The best place to run Telnet is on the server which sends out your SMTP traffic. This will show you the same information that your SMTP engine receives when communicating with an outside system. Telnet allows you to specify the port through which to communicate. SMTP is defined as TCP port 25.
Open a command prompt window. Determine the FQDN or the IP address. If you need to determine this information, you can use NSLookup if you know the SMTP domain name you are attempting to connect to. For more information about this, read this article.
At the prompt, type telnet fqdn 25
If the receiving server is accepting SMTP communications, it will respond with an acknowledgment message indicating it is ready to receive your transmission. The acknowledgment should also indicate if it understands SMTP or ESMTP.
Type ehlo testdomain.com
There are two established protocols, SMTP and ESMTP (Enhanced SMTP). If the receiving system only understands SMTP, you must begin with helo. If the receiving system understands ESMTP, you may begin with either helo or ehlo.
If you receive an OK message from the receiving mail system, proceed. If not, double check the protocol named in the response to the telnet command.
This indicates the reply address. Some receiving systems will compare the parameter from the ehlo command, and the domain listed in the address on the mail from: command to the domain name returned when performing a reverse DNS (RDNS) lookup on the IP address from which the message is coming. It is a method to combat address spoofing and more reliably identify undesirable senders.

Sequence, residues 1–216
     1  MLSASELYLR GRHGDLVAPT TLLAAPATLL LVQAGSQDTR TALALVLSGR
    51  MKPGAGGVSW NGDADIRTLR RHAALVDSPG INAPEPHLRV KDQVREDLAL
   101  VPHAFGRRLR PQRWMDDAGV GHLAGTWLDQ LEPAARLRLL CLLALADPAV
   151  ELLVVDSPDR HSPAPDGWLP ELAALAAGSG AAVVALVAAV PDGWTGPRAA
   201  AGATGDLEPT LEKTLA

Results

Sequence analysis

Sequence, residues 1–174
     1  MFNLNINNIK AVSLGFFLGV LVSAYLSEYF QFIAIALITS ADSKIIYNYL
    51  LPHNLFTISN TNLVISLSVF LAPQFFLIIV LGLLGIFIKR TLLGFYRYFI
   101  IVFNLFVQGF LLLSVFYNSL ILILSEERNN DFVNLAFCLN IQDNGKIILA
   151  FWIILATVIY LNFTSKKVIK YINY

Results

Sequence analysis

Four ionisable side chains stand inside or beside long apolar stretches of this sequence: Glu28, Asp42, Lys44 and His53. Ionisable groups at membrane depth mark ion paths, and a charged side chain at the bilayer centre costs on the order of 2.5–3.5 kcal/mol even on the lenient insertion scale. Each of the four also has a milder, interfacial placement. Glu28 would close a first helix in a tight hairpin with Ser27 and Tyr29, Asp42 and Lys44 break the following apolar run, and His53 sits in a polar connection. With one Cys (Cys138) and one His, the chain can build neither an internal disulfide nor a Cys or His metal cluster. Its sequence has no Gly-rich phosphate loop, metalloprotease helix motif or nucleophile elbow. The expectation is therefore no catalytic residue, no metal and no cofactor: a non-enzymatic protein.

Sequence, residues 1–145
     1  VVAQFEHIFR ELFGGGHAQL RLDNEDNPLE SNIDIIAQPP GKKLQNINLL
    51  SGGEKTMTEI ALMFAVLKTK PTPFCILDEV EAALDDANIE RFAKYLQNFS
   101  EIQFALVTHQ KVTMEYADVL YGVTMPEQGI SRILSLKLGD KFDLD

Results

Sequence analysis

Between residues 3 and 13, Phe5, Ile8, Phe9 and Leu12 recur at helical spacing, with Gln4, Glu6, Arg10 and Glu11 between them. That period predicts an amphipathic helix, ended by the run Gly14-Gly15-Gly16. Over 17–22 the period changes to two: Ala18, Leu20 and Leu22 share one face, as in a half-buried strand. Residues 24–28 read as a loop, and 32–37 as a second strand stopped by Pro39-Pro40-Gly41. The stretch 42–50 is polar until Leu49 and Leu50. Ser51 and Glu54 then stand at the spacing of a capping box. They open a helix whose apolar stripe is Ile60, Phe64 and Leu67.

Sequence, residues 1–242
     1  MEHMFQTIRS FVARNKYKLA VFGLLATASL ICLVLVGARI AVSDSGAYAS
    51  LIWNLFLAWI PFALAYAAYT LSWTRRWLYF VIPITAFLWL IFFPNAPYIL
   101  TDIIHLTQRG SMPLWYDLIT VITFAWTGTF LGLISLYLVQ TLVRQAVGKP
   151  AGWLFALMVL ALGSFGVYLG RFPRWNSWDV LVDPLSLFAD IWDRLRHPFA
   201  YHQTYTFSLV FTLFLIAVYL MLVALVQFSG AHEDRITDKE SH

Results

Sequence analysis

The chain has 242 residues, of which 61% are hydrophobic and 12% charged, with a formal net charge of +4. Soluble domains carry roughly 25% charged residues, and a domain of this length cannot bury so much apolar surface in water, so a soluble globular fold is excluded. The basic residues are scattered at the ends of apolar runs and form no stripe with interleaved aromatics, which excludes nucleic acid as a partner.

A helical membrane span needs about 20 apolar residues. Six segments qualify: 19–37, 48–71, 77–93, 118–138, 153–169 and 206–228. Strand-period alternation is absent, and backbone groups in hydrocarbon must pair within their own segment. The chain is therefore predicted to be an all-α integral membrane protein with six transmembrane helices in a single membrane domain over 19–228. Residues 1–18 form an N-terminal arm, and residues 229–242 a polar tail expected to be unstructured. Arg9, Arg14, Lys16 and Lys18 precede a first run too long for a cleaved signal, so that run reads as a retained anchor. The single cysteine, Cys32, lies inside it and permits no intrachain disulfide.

If you are testing communications to an outside messaging system, you may need to use your actual domain name to be allowed to continue.
This indicates the recipient address. If receivingdomain.com is not a domain being fielded by the receiving system, and the system does not allow relaying to receivingdomain.com, an error code will be returned.
This begins the actual message. Optionally, From:, To:, and BCC: can be entered at this time (to be covered in a future article).
Type subject: Test message via Telnet
Type a blank line - this denotes the end of the subject and the beginning of the message body.
Type This is a test
Type Please reply if received
Type a blank line
Type a period (".") and press Enter - this marks the end of the message body. The receiving system will understand and return a prompt.
This ends the Telnet session and you will be returned to the OS prompt.
If everything has gone well, the message will be on its way to the recipient address. Give it a minute and check. You now know how to manually create and send an SMTP message! This can be a great troubleshooting tool, as you will receive responses and acknowledgments from the receiving system that can aid in diagnosing a communication problem.